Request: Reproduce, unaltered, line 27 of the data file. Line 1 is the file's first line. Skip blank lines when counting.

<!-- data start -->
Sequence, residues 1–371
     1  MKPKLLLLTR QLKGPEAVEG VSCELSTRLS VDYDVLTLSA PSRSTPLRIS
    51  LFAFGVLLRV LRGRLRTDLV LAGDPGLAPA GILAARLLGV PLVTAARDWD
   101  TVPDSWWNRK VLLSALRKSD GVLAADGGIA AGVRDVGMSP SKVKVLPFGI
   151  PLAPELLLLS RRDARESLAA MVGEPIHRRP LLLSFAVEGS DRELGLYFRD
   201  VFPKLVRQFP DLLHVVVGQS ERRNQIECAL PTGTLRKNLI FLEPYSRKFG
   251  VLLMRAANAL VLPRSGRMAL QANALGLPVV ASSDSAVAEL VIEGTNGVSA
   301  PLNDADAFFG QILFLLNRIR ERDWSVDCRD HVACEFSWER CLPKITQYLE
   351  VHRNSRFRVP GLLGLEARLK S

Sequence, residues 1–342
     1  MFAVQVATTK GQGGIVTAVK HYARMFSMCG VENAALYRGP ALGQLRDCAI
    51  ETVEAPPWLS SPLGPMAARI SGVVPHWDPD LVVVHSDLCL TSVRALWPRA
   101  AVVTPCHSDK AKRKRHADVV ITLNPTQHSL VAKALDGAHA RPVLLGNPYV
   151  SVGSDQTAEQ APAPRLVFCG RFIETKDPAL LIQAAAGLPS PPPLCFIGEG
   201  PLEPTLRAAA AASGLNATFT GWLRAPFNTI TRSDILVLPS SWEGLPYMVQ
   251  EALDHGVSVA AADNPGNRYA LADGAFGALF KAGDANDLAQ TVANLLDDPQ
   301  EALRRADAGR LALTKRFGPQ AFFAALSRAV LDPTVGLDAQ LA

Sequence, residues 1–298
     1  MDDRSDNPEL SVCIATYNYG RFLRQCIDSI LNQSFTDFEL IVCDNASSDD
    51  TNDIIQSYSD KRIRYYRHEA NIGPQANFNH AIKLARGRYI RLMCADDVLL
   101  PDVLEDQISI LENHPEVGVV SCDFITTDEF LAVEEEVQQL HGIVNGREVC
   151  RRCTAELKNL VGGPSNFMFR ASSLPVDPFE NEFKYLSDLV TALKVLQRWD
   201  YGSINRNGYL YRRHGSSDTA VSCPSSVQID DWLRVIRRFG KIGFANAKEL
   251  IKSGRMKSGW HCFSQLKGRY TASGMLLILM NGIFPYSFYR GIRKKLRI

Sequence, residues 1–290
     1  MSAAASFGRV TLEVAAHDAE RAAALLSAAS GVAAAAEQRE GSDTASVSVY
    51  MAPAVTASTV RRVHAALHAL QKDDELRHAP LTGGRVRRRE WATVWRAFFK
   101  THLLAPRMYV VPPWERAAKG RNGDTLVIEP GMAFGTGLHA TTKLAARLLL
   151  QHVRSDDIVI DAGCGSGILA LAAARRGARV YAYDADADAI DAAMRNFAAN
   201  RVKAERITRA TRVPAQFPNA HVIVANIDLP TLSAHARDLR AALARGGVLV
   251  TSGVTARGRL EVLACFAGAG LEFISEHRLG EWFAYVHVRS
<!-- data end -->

    51  MAPAVTASTV RRVHAALHAL QKDDELRHAP LTGGRVRRRE WATVWRAFFK